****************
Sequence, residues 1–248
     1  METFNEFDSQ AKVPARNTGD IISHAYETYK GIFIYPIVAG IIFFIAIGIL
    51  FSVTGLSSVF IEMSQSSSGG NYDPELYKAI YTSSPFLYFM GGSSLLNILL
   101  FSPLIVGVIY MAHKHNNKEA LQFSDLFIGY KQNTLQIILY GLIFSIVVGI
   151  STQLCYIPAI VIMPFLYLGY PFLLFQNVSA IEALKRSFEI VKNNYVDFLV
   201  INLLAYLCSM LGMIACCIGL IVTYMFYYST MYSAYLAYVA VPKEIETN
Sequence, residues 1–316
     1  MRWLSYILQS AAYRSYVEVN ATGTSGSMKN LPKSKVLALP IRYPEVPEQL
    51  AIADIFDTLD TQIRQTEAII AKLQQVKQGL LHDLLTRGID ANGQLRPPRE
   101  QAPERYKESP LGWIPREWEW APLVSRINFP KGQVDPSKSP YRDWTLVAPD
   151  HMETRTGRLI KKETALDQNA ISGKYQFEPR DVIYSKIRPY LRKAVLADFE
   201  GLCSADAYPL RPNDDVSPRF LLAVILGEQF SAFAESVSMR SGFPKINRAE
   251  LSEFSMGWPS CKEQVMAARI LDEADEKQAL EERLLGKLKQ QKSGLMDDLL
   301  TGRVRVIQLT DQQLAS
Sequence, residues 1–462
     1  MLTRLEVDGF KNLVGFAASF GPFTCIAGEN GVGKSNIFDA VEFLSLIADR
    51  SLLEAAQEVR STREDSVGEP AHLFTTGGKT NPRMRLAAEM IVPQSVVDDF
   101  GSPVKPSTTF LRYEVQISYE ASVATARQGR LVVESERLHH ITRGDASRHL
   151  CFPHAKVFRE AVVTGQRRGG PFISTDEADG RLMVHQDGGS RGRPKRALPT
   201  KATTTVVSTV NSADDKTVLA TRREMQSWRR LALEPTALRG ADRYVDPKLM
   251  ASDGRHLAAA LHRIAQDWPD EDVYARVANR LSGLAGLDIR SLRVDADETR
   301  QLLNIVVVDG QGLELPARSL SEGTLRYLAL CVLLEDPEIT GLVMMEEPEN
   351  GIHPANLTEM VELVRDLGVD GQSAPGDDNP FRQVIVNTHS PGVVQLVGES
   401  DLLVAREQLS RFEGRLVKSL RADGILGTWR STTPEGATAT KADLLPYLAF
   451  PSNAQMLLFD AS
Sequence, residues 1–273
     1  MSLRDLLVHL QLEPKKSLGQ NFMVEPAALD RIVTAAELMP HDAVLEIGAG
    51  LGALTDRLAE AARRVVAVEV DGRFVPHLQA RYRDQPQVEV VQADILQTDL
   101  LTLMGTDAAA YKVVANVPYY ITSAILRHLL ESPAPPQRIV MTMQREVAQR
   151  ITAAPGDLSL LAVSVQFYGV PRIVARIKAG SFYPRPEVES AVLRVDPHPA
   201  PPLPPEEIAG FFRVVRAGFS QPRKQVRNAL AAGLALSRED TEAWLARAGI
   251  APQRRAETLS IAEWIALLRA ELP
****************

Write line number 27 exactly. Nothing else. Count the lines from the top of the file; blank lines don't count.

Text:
     1  MSLRDLLVHL QLEPKKSLGQ NFMVEPAALD RIVTAAELMP HDAVLEIGAG